COATES: But you know, quick. I just want to add a message too if I can just jump in. MACDONALD: Yes.

COATES: It sends a message to people who are, who may be in line as a successor if Jeff Sessions were no longer to be the attorney general. If you've got the President of the United States who I agree with David has been very transactional and the loyalty he expects really is a self-interested one, well, anyone who may be in line to try to replace the attorney general if he either resigns or is fired has got to be shaking in their boots saying to themselves, it's the very first person to be loyal and to endorse you against all odds and actually with more of a risk to themselves than for you, then why would you be loyal to me in the long run?

Will my tenure be even shorter, not only with James Comey but the six- month tenure that Sessions that has had to date. That's who taking -- that is who is taking notice and pause right now of the president's actions.

LEMON: David, I'd like to change course now and talk about healthcare. It's so important for so many Americans. The Senate advanced the healthcare bill with Vice President Mike Pence breaking a tie. But it's really, it's so they can start the discussion.

[22:09:58] But Senator John McCain's dramatic return on the Senate floor after his brain cancer diagnosis, that is the moment to watch today. Watch this.




LEMON: Very nice moment, David. Walk us through what we witnessed tonight.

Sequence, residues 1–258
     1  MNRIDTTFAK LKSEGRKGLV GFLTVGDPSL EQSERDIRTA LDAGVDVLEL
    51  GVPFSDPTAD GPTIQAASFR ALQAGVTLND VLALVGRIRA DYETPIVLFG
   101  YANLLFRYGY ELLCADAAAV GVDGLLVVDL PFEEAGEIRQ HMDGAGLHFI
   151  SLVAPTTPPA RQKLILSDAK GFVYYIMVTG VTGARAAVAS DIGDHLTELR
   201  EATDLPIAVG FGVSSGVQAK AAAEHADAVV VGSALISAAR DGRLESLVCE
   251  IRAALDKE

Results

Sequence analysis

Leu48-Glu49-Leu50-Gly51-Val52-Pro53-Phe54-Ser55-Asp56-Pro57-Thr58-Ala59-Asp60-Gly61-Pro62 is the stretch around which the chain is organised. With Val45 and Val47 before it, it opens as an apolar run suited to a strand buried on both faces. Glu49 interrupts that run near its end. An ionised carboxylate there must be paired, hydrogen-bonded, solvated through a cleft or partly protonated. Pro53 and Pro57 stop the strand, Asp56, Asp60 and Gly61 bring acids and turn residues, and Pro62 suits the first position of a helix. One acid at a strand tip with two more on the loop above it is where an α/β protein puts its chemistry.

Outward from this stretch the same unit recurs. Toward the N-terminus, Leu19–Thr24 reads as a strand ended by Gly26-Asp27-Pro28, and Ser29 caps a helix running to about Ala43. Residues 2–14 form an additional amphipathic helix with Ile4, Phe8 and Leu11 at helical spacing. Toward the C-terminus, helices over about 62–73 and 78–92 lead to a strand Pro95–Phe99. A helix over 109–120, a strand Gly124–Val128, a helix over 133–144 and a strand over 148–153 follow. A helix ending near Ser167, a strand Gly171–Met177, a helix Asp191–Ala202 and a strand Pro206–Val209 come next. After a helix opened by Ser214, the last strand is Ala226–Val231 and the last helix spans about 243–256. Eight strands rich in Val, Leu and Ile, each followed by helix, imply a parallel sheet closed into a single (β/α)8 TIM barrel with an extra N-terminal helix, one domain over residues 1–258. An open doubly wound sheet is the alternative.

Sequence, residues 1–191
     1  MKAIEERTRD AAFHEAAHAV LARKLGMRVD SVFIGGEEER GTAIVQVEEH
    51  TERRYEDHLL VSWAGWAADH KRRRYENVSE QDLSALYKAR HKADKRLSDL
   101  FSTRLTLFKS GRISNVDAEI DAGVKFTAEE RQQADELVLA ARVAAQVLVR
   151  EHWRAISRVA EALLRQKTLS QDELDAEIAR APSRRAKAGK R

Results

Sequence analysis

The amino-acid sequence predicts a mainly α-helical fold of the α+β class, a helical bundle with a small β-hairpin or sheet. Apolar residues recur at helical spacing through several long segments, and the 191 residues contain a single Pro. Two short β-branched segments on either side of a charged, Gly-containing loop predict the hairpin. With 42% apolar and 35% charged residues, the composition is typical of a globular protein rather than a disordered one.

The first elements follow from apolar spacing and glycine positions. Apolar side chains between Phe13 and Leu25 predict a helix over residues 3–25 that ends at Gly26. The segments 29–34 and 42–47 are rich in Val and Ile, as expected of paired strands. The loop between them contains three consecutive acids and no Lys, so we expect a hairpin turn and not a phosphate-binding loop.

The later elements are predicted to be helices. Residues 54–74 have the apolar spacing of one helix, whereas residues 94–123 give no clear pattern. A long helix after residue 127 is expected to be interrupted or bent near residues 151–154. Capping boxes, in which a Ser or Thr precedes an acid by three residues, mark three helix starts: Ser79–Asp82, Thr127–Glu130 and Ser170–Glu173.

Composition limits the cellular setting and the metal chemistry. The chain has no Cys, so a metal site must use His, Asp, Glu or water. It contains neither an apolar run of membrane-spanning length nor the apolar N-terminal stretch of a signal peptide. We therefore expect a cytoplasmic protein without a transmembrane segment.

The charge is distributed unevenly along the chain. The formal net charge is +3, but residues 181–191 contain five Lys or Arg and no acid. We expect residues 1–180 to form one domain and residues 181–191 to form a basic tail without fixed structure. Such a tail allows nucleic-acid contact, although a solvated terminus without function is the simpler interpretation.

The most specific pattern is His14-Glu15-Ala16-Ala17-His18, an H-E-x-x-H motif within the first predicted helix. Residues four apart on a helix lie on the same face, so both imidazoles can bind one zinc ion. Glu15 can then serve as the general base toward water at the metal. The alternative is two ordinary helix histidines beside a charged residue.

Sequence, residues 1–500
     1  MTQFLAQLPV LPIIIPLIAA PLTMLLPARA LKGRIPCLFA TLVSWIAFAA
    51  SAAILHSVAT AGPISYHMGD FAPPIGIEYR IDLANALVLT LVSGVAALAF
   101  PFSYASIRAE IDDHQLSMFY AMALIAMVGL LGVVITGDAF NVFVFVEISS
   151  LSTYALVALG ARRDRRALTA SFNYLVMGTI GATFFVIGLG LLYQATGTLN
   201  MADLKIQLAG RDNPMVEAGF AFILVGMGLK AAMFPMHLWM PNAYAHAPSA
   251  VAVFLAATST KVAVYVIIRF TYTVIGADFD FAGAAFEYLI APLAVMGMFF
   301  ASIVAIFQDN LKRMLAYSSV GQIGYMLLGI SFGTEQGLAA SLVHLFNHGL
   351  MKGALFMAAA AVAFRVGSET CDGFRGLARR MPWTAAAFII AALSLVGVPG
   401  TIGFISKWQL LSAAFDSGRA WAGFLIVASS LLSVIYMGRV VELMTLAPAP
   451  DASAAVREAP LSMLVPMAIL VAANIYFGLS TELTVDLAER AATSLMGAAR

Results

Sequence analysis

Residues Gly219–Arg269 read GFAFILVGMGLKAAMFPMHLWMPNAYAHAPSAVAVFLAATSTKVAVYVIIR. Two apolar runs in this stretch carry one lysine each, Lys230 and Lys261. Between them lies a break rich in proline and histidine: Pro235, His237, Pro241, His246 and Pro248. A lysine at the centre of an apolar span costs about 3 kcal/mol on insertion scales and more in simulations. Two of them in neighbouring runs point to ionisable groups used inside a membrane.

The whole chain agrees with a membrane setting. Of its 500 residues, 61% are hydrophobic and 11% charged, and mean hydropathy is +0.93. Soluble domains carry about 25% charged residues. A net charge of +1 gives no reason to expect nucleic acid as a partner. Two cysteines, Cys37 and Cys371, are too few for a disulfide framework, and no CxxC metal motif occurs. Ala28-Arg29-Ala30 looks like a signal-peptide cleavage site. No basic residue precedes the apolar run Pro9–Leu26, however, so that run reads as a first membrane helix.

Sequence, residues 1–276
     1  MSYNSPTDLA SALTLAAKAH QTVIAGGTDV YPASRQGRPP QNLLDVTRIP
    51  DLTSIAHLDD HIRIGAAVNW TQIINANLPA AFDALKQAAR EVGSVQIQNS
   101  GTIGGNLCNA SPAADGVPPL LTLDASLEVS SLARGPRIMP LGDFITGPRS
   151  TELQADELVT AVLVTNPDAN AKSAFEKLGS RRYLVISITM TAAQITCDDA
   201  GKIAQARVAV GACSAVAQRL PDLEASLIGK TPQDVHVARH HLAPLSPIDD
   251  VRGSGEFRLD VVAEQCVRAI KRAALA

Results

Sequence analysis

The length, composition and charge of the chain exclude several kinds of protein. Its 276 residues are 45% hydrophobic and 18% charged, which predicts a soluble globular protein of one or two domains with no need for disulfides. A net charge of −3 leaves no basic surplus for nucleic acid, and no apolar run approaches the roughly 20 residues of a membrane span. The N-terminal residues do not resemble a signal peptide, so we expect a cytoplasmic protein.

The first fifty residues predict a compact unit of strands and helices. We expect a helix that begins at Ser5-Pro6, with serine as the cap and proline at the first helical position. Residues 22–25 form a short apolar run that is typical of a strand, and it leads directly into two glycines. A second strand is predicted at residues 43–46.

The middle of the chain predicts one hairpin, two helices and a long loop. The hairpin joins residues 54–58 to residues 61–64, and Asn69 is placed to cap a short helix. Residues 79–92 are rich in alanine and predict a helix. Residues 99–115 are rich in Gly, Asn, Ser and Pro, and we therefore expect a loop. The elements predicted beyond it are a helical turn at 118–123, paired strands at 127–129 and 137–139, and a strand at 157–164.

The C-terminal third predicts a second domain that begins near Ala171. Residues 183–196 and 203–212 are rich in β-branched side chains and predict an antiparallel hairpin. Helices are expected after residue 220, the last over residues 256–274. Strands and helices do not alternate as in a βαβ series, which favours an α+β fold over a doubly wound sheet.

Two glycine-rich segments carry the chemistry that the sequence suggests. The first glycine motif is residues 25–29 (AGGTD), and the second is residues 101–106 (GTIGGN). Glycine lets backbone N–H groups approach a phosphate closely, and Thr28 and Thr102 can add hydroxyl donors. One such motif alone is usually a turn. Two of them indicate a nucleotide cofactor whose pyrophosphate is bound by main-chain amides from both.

CHALIAN: It's an amazing moment. Obviously, as you mentioned the dire diagnosis that he received, he comes home to a hero's welcome as he deserves in the floor of the United States Senate.

What was so amazing right after this moment, Don, was that Senator McCain went back to his desk and nearly every member of the Senate walked over to him and started greeting him individually including a whole slew of democrats nearly all of them coming over from their side of the Senate to greet him.

There's no doubt also that McCain's return had a psychological impact on the vote you were talking about. Obviously, arranging with Mitch McConnell to come back here for this key vote certainly had helped the effort to get the final last folks who may have hurdled to jump over to get there to get to 50 votes and allow Mike Pence to cast the tiebreaking vote.

On the matter of healthcare, as you noted, this is now just the beginning. They get onto a bill and start debating and we're already seeing that the ideological divide inside the republican conference that has proven so impossible for them to overcome in terms of coming up with a replacement plan still remains. That divide remains, that gap is unfilled. And they still don't have a consensus plan on what to do once they repeal Obamacare.

LEMON: And here we go again. It's not even groundhog's day. I don't know what to call it. Thank you, David. Thank you, Laura. I appreciate that.

I want to turn now to Congressman Tim Ryan, a democrat from Ohio whose district includes Youngstown. Congressman, so good to have you on. Despite the growing Russia cloud in Washington, President Trump had a good crowd in your neck of the woods tonight that is rallying in Youngstown, Ohio. Take a look at this.